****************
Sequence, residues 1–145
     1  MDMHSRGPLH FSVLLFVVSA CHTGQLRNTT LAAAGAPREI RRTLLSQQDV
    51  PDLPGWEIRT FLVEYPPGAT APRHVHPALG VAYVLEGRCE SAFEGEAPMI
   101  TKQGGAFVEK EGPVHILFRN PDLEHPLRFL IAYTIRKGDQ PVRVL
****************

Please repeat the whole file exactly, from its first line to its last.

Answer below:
Sequence, residues 1–145
     1  MDMHSRGPLH FSVLLFVVSA CHTGQLRNTT LAAAGAPREI RRTLLSQQDV
    51  PDLPGWEIRT FLVEYPPGAT APRHVHPALG VAYVLEGRCE SAFEGEAPMI
   101  TKQGGAFVEK EGPVHILFRN PDLEHPLRFL IAYTIRKGDQ PVRVL